Alton Evening Telegraph from Alton, Illinois on April 25, 1953 · Page 3
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Alton Evening Telegraph from Alton, Illinois · Page 3

Alton, Illinois
Issue Date:
Saturday, April 25, 1953
Page 3
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Page 3 article text (OCR)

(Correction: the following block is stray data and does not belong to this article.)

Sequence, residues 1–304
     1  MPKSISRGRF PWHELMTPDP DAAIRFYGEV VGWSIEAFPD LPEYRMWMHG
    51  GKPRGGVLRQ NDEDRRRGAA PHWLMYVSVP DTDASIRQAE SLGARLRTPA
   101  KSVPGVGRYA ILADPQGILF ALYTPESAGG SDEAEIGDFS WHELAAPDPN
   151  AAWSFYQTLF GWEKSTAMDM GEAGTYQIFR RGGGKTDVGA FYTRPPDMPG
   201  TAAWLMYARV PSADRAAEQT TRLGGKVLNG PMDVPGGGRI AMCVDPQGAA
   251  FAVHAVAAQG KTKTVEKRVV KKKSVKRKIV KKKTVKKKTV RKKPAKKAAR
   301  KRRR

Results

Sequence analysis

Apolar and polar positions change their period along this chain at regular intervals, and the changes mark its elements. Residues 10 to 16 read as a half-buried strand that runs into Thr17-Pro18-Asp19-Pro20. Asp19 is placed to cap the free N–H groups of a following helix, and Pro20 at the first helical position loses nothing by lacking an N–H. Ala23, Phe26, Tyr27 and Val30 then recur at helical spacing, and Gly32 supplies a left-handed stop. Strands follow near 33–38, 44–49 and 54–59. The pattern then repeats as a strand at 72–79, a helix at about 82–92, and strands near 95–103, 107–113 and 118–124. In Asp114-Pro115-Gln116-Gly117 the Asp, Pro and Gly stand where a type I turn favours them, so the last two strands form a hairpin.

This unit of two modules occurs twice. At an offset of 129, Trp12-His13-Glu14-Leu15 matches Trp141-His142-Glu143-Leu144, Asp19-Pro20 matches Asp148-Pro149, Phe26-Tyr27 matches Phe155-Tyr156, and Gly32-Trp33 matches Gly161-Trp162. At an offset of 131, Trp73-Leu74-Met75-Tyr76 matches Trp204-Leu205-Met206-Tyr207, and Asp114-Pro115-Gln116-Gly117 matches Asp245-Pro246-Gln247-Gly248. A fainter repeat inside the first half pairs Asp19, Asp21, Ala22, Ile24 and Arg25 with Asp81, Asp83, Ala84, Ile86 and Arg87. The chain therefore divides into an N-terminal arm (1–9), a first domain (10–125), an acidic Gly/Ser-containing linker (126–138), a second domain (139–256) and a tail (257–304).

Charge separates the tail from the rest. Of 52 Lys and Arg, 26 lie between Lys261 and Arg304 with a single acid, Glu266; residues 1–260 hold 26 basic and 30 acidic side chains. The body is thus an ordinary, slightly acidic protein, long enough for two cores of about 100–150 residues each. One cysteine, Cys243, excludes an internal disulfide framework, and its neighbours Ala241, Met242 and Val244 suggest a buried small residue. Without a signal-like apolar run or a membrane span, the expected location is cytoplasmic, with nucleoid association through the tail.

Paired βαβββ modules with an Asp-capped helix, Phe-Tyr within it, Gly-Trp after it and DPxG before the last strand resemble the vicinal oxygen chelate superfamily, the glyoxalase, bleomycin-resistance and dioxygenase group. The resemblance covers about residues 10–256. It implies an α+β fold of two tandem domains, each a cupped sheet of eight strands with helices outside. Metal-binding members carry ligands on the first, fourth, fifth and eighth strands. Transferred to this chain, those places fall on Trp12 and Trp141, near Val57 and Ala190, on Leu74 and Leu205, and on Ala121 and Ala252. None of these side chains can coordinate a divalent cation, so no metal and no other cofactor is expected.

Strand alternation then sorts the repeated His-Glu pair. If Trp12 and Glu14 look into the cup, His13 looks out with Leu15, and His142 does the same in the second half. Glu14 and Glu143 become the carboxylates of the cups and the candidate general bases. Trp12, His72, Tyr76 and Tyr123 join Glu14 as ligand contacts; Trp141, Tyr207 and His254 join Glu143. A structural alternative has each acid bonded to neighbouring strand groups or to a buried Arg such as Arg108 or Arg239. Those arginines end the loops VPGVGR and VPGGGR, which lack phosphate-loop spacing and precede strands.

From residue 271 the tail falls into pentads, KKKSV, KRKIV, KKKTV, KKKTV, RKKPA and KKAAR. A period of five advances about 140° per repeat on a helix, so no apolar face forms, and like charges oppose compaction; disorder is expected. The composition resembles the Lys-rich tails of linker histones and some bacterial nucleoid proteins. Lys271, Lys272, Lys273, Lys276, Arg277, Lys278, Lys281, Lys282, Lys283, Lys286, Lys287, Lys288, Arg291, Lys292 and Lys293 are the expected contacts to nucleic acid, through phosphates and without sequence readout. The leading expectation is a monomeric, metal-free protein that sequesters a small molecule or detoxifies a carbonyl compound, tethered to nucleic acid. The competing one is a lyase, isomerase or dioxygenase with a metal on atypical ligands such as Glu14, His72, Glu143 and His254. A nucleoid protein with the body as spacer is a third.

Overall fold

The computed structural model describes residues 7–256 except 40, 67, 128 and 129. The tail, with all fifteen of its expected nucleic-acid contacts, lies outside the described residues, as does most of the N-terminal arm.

SATURDAY, APRIL 25, 1953 ALTON EVENING TELEGRAPH Jer my, JElmh Supervisors Attend Zone Conference JERSKYV1LLB — Supervisor Edward A. Crtnwr of «f§raey Town- «h1p and Supervisor Emmet Murphy of Elsah township attended the meeting of members of Zone Two of the tllmots Association of Supervisors and County Commissioners Tuesday In Jacksonville. Zone two Includes 23 counties from this section of Illinois and the meeting Tuesday attracted representatives from all county boards in the locality. R. L. Elcken of Golden, Adams County, Is chairman of the zone organization which was formed Jan. 20 during a meeting at Rushville. The organisation is non partisan in character and has for its objective improvement and advancement. Chairmen Elcken said the legislative aims of the association include: to realse the maximum county fee on auto races, motels, drive-in theatres, trailer courts, dance halls, roller rinks, bowling alleys and other places of amusement from $25-to $200 per year; to raise the per diem of county commissioners from $10 to $15; to raise the mileage rate for county commissioners from 5 cents to 7'4 cents per mile; to make it possible for townships to qualify for state aid by counting the cash balance on hand at the close of 'th* previous year, only, instead of several previous years. To permit the creation of County Drainage District; to give county boards the power to decide whether or not to continue permanent registration; to give county and townships the authority to regulate I WISH TO THANK All my friends and residents of Roxana for their wonderful support in electing me Police Magistrate of Roxana. William I. Shattuck speed limits and tomes on state aid and township roads, and giving them the power to provide for proper enforcement of such regulations. Rcsnmes Position JERSEYV1LLE - Robert Stevenson who was released from military service on March 28 has resumed his former position here as agent for the Railway Express Company. He was in service the past two years, and spent 13 months in Koea. For the present Mr. and Mrs. Stevenson and their daughter Susan Jeannette, are residing with Mrs. Stevenson's parents, Mr. and Mrs. Lawrence Archer, until they can secure living quarters elsewhere. Mrs. Stevenson and daughter resided at the Archer home while Mr. Stevenson was in service. Former Youth Adviser Here JERSEYVILLE — Charles Federman, of Toledr, 111. farm adviser of Cumberland County, visited with friends here Thursday. He was formerly youth assistant in Jersey County. He came to attend the wedding that day of Miss Virginia Stanley of Jerseyville and Clement Klrbach of Carrollton. Group Elects Officers JERSEYVILLE — The J e r s e y Live Wire 4-H Club has .organized for the year. The following officers were named at\ their meeting held at the Farm Bureau Building Tuesday with their leader Paul Erb irf charge. President, Ronnie Ferguson; vice president, Tommy Allen; secretary treasurer, Charles Sears; recreation director, Pat Dougherty; and reporter Richard Ingersoll. To Attend District Conference JERSEYVILLE — Farm Adviser Raymond Frakes and Home Adviser Miss Sarah Griswold of Jersey County will attend the extension conference for farm and home advisers in Edwardsviiie Tuesday. This is a district meeting for the groups. Pastors To Hold .Forum JERSEYVILLE - "Citizenship Our Christian Concern" will be the theme of the program of the of the uftftfti Council of Church Women whteh will Bi htM at the Petite Evangelical §nd Re- termed Church here on May i, beginning at 1 p, m, A group of clergymen of Jet- ieyvllle will serve on a forum at that time, including Rev, Gerald Bock, of the Peace Evengellcal and Reformed Church, Rev, M. Edwards Breed of the Presbyterian Church; and Rev, F. W. Schwarzlose, of the Methodist Church. A discussion and question period will follow the forum, A gotluck luncheon will be served and the women are asked to bring their own table service and a covered dish. Plan Fund Drive JERSEYVILLE -The annual fund 'drive for the Salvation Army will start here soon and will end with a tag day on May 9th. Charles H. Putnam, field representative of Jersey Hit by Electrical Storm One Bolt Narrowly Missed The City Hall JERSEYV1LLE - Lightning struck in a number of places dur» Ing the local thundershower oi Thursday morning in the Jersey- vllte vicinity. One bolt narrowly missed the the organization, was here plans for this the week completing drive. The local committee Is composed of F, A. Reisner, chairman; Fred Herold, treasurer; Mrs. N. V. Brown, chairman of tag day; Mrs. Paul Erv, Dr. Bryan Caffery and Mrs. Howard K. Parker. May Day Play Day Program JERSEYVILLB:—Plans are nearing completion for the May Day Play Day sponsored by the Jersey County Home Bureau, which will take place on May 1 in the Farm city hall and splintered a large tree to the east of the building. Rural residents reported that transmission lines in several localities were , knocked out of commission for several hours as a result of the storm. A general rain fell in Jersey County throughout most of Thursday night. The earlier part of the rain was accompanied by electrical disturbances until neafly midnight when this phase ceased and rain continued falling with a drop in temperature. tluroM Must Report Earlier JERSEYVILLE - Trial of the criminal court docket In the circuit court of Jersey County will begin here May 4«and will be concluded the following week of May 11. , Sheriff Herman H. Blackorby has called attention of the petit jurors that the local circuit court will he operating on daylight sav- Bureau basement, beginning at 2 j ing fjmCi flnd (hpy arc therefore Who Launders Sheets and Shirts. Best? p. m. DST. A unique recreational program is being planned and is being kept a secret until time for ^he program. The home bureau chorus will furnish music for the occasion, and a special feature will be a talk by Mrs. Ray Searls, county chairman. Refreshments will be served. Home from Eastern Visit JERSEYVILLE — Mr. and Mrs. urged to report an hour earlier than they would ordinarily. New Bridge for Eastern Jersey JERSEYVILLE — Jersey Cou'n ty is included-in bids called for by the Illinois Division of Highways for $12,500,000 worth of construction in the area. The Jersey County project is a steel I-beam bridge across Ruyle Creek, 3.5 miles west of Medora Hargiss Maholland of this city and and >58 mi | cs of earlh gradin g on the latter's mother, Mrs. Ruth Baker of Godfrey returned Wednesday from Fort Bragg, N. C. where ; they visited Mrs. Baker's son, Pfc. Floyd Baker. Pfc. Baker, who is with the paratroopers, will leave Monday for an assignment in Panama. He has been in military service since Jan. 14, 1951. Returns to California JERSEYVILLE — Mrs. A. A. Martin who has been visiting her sister, Mrs. Asa Maguire here, left Wednesday by plane for her home in San Pablo, Calif. She was called here by the death of her father,, George Hancock. Spending Weekend In St. Louis JERSEYVILLE — Miss Sarah Griswold, Miss Lucilfe Henderschot and Miss Elizabeth Moore of Jerseyville, and Miss Deloris Parrott of Carrollton are spending the weekend in St. Louis. They will attend the presentation of South Pacific at the American Theatre, and the Police Circus. "Things Seem to 'break' better for me since I started saving/' "Perhaps I simply have more confidence in myself, with a bank account backing me up. What a grand feeling that isl And it gets better every time I make a Savings deposit." Many of our larger accounts were started in a modest way. So remember . . , your initial deposit needn't be a large one. The important thing is to start saving NOW and add to your account REGULARLY, USE OUR FREE PARKING LOT 30 minutes Ire* parking in our lot , ., just 26 steps from banking entrance. Enter on East Fourth Street. Growing With Alton lot 50 Years, FAS Rt. 746. «. Former Resident Visits Here JERSEYVILLE — Mrs. Sarah Scribner of Jacksonville, formerly of this city, returned Friday to her home after spending several days here as the guest of her sister Mrs. H. G. Neely, and her brother and sister-in-law, Mr. and Mrs. Spencer Powell and other relatives. She came to attend the wedding of Miss Virginia Stanley of this city and Clement Kirbach of Carrollton, which took place Thursday. New! Coronation Embroidery Motifs WUfl* For linens and clothing embroidery motifs inspired by the coronation! 10 different designs'. Plus Hie entire alphabet so you can embroider your monogram on a jacket, blouse, sheets and Qilloweases. Motifs are simple to embroider, and they add a luxury touch to gifts. Send now! Pattern 688; transfer of 20 motifs \\V- 4 to .'MtxLJ; two alphabets PK inches high. SPIII! 25 mils in coin* for till* mailing. Send to Alton Telegraph, «fi, \eedlecraft Oepl., I*. O. Box 101, Old Chelsea Station. New York i|, N. V. print plainly I'ATTKRN N I M H K K. your NA.M1C. AUOKKKM and 35OXK. KXCITINd VAI.L'K! Ten, yes TKN popular, now designs to crochet, sew, embroider, knit--printed in the new 1952 Laura Wheeler Needlecraft Book. Plus many more patterns to send for — idea* for gifts, bazaar money-makers, fash-i ions! Send 20 cents for your copy! poip popular pouular popular popu ' ntffeP ntpptef < Current Events on Alton Lake ind Roamm' the Piasa Country With HAROLD BRAND Finning SitRgeBflnnn J. A. Reeder, 360? Berkeley Ave. offers the following suggestions to increase your fishing score. "Now is the best time of year to fish for crappie In lakes or slow-current streams. The fish feed usually near deep rock ledges, submerged brush and stumps, and also, at the edge of water currents. Large crappie will strike oftcner in the spring. "Flyrod fishermen should use a medium-sized fly with a shot sinker on a four-foot leader while cat- ing near the edge of water current. An extra shot sinker added to the leader is necessary for fishing off deep ledges. Cast into the water and allow the fly to sink to the bottom and then retrieve in short jerks. If any crappie are nearby, you will get action. Advisable to Experiment "If you prefer to use live bait, use small of medium sixed-min- nows on a small hook attached to a light leader. Weight the line so that you can begin fishing on the botton and then work the minnow upwards until you find the depth at which the fish are striking. "A ,little experimenting to find the correct depth will pay more returns in your score as well as your pleasure. River Flatting "Those who prefer fishing in the Mississippi and Alton Lake will find the white perch and catfish will strike on small minnows, crawfish, or worms at the edge of swift ccurrent or Whirling waters. The best places to catch the fish are on sandy bottoms near dikes, shallow waters on either side or near sandbars. Fishing near sub- mqrged dikes is effective, too. "Cast your line from 50 to 150 feet into the water a few times until you locate where the -fish are striking. Again, it is best to experiment in order to find a school of fish which mill around constantly. After a little practice, you will learn to read the waters for the best fishing. "You will be surprised pleasantly at your increased fishing results if you try the foregoing fishing methods." Recently, Reeder landed two five pound and a three-pound catfish on a rod and reel while fishing in the Mississippi River downstream from* Alton Locks and Dam. Personal Notes The fish were not, biting too well on Piasa Creek Tuesday, when Thomas J. Howard, 945 McKinley Ave,, ancLGayle Forcade, 1110 Alby St., tried their skill. They managed to land only three small fish. Clyde Hawkins of West Alton has been successful at catching fish on bank throw lines on the Missouri River recently. He places the lines at nfeht and runs them in the morning. A recent catch was t\\'o catfish and five sturgeon, (tuna fisli of the river i. Reports are i hat the Missouri River current is loo swift for normal trot- line fishing by anchoring the line to a float in midstream. Another couple plan to build a fishing-hunting resort in the future. Mr. and Mrs. Frank Melton, Al- ton-Jerseyville Rd., hope to visit many lakes this summer and choose a site for their resort. Melton will retire in a few years and they would like to have their camp ready to operate. They will visit Lake' Norfork, Bull Shoala Lake, Lake of the Ozarks and other resort areas. 4 9 Unhurt After Being Ran Over by Tractor MORO Raymond Jr.. four-year- old son of Mr. and Mrs. Raymond Holmknmp of Midway, escaped serious injury Wednesday when he was run over by a tractor. The youngster and his two year old sister, Mary JeaneltqJ were playing and ran Into the tractor his father was backing from a lot. The back wheel ran over his abdomen and narrowly missed the little ! on a Blackwell bank bounced sky- gii'l- high. Etter looked at the signature, The child was rushed to the of- conceded bleakly h,e'd fallen for an fice of a physician and then to the old one. The signature, was "No. hospital where X-rays were made 6. Good.' to determine the extent of his injuries. They showed no bones broken and aside from being badly bruised, the little fellow escaped with no serious injuries. Moro Notes * MORO—Mrs. Virgil DeWerff was called to Mayfield, Ky., Friday to attend her father, Mr. Louis Smith who fell from a scaffold" and fractured his hip. Smith, with his wife, visited here frequently. The Presbyterian Ladies Aid Society had a lunch and refreshment stand at the Raymond Maag public sale today. Medals Show Queen NEW YORK A> — The first British war medal to feature Queen Elizabeth will go to veterans of the Korean war says the British Inf9rmat:ion Service. The Queen has now approved the design of her head for the medallion, drawn by Mrs. Mary Gillick, who also designed the Queen's effigy on the new British coinage. The Queen is shown uncrowned. John Bopp, Paul ft. FteMir, ttM Annual Chamber of Cum Banquet Staged BATCHTOWN—The toetl Chim* her of Commberce held its annual banquet Thursday evening In the basement dining room of the Meth» odlst Church. President Eldon Twichell presided at the meeting and acted as master of ceremonies. Affer the welcoming address by Twichell, the invocation was given by the Rev E. J. Cockrell, pastor of the church. After the meal a prayer was given by the Rev. Sutherland of Carrollton and then a group of singers from Nebo, led by Harris Franklin of Pleasant Hill, enter- t a I n e d the crowd with several spngs. The group of women singers was composed by Mrs. Evans Franklin, Mrs. Kelly Branson, Mrs. Archie Collins, and Mrs. Bruce Boren. Short talks were made by Ellis Inman, Joe Engle, Walter Lesseg, Check on Check Needed WELLINGTON, Kan. If - Auto dealer Herb Etter, in a hurry to start a business trip, raised no questions when a customer who identified himself as Norman Good of Blackwell, Okla., proposed to write a $1,775 check for a car he had Just bought. A monthlater, the check drawn the apple quoen, Miff s«hulet. The main speaker of th* evortnf was Jake Shetton, hera of t vst* erans loan organization it CttWQ- ton, He spoke on fJw futurv tt farming and gave flgorw to ifttW that only 37 per cent of each dotlw a consumer pays for frutt comet back to the fruitgrower hllBMll and only 20 cents out of etch dollar paid for bread return to thi grower of wheat. The meeting ended at 10 O'clock with the benediction by the Rev, Cocke,rell. PAYMENT TROUBLES? GET OUT OF DEIT , , . WE PAY THE BILLS! ONI PLACE TO PAY, NOT A LOAN CO. Call or Set The Budget Nil OP ALfON 201 Went 3rd, 2nd Flow Alton 2-0711 ATTENTION HOME OWNERS Response on our ads for listings were fairly good and we have made three sales since. We ar« still in need of listings as our list of purchasers is growing for all types of homes anywhere in this area. We stress service. All we ask is your confidence and we will sell your home. We have experienced salesmen, appraisers, advertisers. REMEMBER THIS YOU ARE IN GOOD HANDS WHEN YOU DO BUSINESS WITH THE CLEM NOLL AGENCY A Realtor Office Phone 3-6621 Evenings 2 8454 ASK FOR MR. DICKMANN SHOP MONDAY KITE TILL 9 P. M.! TITCHENAL'S MARKET Always Open 7:80 A.M. to 10 P.M. FEATURING NOTHING BUT TIIE BEST * HOME MADE POTATO SALAD * BARBECUE, HAM SALAD * CHOICE MEATS AND POULTRY *SODA ft ICE CREAM *SNOW CROP Frozen Vegetables and Juice* *ANSCO FILM and Developing * SUNDAY PAPERS TITCHENAL'S MARKET 2900 BROWN STREET ALTON IB •••••••• •US Denim Shirts Sport or Work Men's For Reg. 1.98 ............. Open-weave fabric IrU In rvrry fool brrrifl In Ian, while, blue and «reen. Hanforlied (max. (hrlnkage 1%). Proportioned Fit Royal Purple SEAMLESS NYLONS 69 C Pr. Shotr as run he in latest spring: shade*. Buy several pairs now and nave. Regular 98c. Men'* Sport Shirt* Now Only , All (he wonder qualities ef btauly In a thirl that doesn't mln4 that dalljr frlnd. Woven plaldl M« check*. Men'i ilies. Jumbo Washcloths Kxtra l.urue Sue Only 8 for Third and Pinna, ttiiltt lit ft MONDAY ONLY Townley Fur Trim COATS to $128 values HVI e Stroock COATS $89.95 values Now Here'* t real he-nun < loth Big 11's 11" »Ue li e»lra good lor tbavlng! 411 white or white with colored border. V* '"Jv/ 1 -!! '" Toffee Peanuts Thick Rich Butter Toffee 44e Keg. 49c I.h Nothing better tar partlet or jutt nibbling! fef|y Ktllojg (|U»Uly-fr«»h Virginia peanut* are extra large, food! Junior Knit Shirts IS* Now A hard-lo-beat combination Ur and wear. Full combed c«(Uo kail »blrt with e*clvsiv* Bey Roieri 4* il|0. Malic, blue, wk>U*. MUM i-Uk Cane Poles Keg. 1.09 — Save L'l 88e 12 -foot Ineiptmive. yet rulet. »vi»Dd-ou »lie top. taruUbcd- U-fool Cave role Keg. 1 '.'S . . »*c OIL CHANGE Any Car in Town Keg. Motor OH 99 C your car at our depttrtroeut for au oi) while you »boy iu our uiaiu •tor*. Ttnnlf Shots Men's Sues T'a tO U. Youth*' 11-8 StiRS ALTON \